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Ginsberg and Me

Ginsberg and Me


In their moving, feature-length ode to Allen Ginsberg's Howl, Oscar-winning filmmakers Jeffrey Friedman and Robert Epstein move between several approaches to the landmark poem. Some of the film features animated interpretations of the 1956 poem; then there are images of James Franco (who plays Ginsberg) passionately reading the poem. Another approach has Franco as Ginsberg being interviewed by a reporter from Time magazine. This last idea was speculative fiction -- with the filmmakers taking an educated guess at how Ginsberg would have responded in such an exchange.

And it amused me when I saw the thoroughly engaging Howl. In 1994, I interviewed Ginsberg when he was giving a reading at Montreal's Concordia University. Then a graduate student and queer poetry geek, I was keen to meet Ginsberg and to ask him a series of questions about his life, work, and opinions.

One of the first things he took aim at was Time magazine. And he didn't just trash it for being inaccurate or too conservative; his attack was in direct response to Ginsberg's membership in the ultracontroversial organization North American Man/Boy Love Association. "I joined when I read in Time magazine that NAMBLA was an organization in which people of authority were manipulating people of weaker sensibilities," he said. "That reminded me of Time magazine itself."

Ginsberg went on, defiant about NAMBLA. "It's just a discussion group; it is an innocent little organization about people who want to talk about their inclinations, their Eros, which happens to center on younger people. It's not always sexual. It's quite harmless.

Then 67, Ginsberg was captivating when he spoke. He was dealing with some health issues, including high blood pressure, which meant he had a restricted diet. He also said he was having trouble getting it up. But there was still something resoundingly sexual about the man who penned Howl, one of the frankest, queerest books ever put to paper.

I asked him if Howl was still relevant in the age of AIDS. "I think it's just as important to be open and candid. What I was interested in was candor -- which would actually be very useful in the age of AIDS so that people could actually discuss what it is they do to each other sexually and what their status is ... besides, as [William S. Burroughs] says, we still don't know if AIDS is a laboratory virus. I wouldn't put it past them -- you know, some fundamentalist saying we've got to get rid of these cocksucking double agents."

Ginsberg also took aim at pro-censorship feminists, in particular Andrea Dworkin, who famously declared that any act of penetration was tantamount to rape. "I've known Andrea since she was a student. I had a conversation with her when I said I've had many young affairs, [with men who were] 16, 17, or 18. I said, 'What are you going to do, send me to jail?' And she said, 'You should be shot.' The problem is, she was molested when she was young, and she hasn't recovered from the trauma, and she's taking it out on ordinary lovers."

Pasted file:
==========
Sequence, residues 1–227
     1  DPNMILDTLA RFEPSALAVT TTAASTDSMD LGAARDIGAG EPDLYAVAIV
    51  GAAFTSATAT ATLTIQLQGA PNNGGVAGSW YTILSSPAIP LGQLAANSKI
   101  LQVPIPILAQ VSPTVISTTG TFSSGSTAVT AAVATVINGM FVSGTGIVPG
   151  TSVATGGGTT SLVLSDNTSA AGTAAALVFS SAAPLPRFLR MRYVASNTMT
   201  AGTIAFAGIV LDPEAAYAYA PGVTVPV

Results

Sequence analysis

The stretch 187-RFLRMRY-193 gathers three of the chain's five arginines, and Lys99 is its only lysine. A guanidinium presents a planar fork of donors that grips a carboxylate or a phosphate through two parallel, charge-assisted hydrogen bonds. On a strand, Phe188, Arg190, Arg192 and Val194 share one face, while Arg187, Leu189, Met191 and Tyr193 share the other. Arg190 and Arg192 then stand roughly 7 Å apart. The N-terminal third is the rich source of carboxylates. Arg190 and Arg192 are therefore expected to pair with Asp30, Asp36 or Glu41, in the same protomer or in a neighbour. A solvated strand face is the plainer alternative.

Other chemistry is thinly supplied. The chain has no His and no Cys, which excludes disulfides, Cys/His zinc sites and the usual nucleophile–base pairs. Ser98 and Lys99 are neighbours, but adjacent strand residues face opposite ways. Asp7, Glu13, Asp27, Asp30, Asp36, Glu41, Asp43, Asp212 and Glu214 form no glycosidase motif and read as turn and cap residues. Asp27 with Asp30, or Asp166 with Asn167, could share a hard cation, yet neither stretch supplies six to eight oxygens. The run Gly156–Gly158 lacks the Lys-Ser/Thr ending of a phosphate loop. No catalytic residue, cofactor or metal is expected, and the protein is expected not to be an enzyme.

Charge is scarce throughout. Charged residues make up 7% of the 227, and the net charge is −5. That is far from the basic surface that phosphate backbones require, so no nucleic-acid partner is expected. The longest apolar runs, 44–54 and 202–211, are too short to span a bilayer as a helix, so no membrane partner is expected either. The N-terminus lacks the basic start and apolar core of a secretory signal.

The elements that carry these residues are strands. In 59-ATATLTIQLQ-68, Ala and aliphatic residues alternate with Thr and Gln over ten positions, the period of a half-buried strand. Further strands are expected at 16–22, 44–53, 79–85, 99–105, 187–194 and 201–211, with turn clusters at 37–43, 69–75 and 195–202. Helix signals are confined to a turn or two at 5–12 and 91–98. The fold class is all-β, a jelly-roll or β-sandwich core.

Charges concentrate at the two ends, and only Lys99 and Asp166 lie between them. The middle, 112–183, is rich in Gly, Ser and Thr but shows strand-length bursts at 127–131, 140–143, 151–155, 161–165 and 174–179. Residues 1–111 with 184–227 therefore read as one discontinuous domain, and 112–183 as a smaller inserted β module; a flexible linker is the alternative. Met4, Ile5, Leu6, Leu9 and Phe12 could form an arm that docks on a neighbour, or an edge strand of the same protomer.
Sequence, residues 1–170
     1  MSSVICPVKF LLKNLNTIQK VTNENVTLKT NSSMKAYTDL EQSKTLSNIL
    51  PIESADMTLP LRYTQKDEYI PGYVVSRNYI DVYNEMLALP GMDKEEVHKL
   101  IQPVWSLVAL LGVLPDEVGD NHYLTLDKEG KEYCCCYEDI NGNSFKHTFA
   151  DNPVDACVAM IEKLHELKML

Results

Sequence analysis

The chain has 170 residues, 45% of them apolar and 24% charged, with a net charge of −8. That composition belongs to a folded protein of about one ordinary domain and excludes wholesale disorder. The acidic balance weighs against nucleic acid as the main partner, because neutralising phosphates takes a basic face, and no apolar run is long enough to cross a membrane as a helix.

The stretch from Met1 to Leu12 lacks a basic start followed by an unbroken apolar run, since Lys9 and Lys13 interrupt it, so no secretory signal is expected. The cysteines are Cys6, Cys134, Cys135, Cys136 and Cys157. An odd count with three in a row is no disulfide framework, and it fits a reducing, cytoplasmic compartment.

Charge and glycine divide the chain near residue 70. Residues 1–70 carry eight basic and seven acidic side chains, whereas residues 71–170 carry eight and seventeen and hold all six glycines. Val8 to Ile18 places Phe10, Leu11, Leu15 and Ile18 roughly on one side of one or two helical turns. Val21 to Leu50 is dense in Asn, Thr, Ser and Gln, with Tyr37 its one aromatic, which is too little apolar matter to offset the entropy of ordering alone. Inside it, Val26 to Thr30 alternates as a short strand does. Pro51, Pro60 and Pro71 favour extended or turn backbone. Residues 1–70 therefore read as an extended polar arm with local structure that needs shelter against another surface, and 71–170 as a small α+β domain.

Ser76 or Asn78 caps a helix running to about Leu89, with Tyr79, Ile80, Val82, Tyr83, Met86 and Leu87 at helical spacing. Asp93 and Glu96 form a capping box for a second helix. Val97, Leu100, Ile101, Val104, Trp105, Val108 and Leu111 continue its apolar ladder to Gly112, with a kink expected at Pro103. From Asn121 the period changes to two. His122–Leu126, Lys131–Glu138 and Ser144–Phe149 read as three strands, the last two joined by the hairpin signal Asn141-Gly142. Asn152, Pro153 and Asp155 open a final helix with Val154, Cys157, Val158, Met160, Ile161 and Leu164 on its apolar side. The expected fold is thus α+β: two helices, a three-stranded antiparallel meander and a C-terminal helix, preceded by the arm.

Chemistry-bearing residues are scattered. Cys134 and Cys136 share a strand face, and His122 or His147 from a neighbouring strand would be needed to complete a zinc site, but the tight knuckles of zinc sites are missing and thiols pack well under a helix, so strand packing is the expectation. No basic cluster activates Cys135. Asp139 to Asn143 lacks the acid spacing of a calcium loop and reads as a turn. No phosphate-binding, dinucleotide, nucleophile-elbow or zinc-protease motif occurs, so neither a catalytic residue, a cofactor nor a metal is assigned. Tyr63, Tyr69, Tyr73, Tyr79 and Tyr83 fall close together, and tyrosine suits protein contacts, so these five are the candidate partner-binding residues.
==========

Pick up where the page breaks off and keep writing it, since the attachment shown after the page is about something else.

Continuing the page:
But Ginsberg himself had just been slammed with the charge of being a sellout, as he'd recently appeared in a series of Gap ads helping the chain hock khakis in various glossy magazines. Ginsberg bristled at the suggestion that this crass commercialism was in opposition to his Buddhist ideals. "I don't know if you noticed what the logo on that was, but there was an announcement in the upper left-hand corner of the ad. It said all fees for Mr. Ginsberg's image go to the Jack Kerouac School of Poets and Poetry in Boulder, Colo. So that was fine. So what's the question?"

But what, Mr. Ginsberg, does the image mean? "Well, if he's a Buddhist, it could mean increased possibility of turning the wheel of dharma. If he's a cocaine addict, I suppose it could mean the possibility of more cocaine. But you know, there are a lot of poets who are more famous than me, like John Lennon, Bob Dylan, Leonard Cohen, who would certainly have their names on Gap ads if they could be signed up."

Then Ginsberg paused. "Now I'm not so sure it was such a good idea, but I think the karma will be all right."

As our conversation came to a close, I told Ginsberg how much his work had meant to me. He could see my face redden as I grew more self-conscious. He raised his hand to my face and caressed it gently. I had no idea at the time, but the photographer captured the moment. Though I regard myself as agnostic, it certainly felt like a religious moment for me -- one of those things you never forget.

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Matthew Hays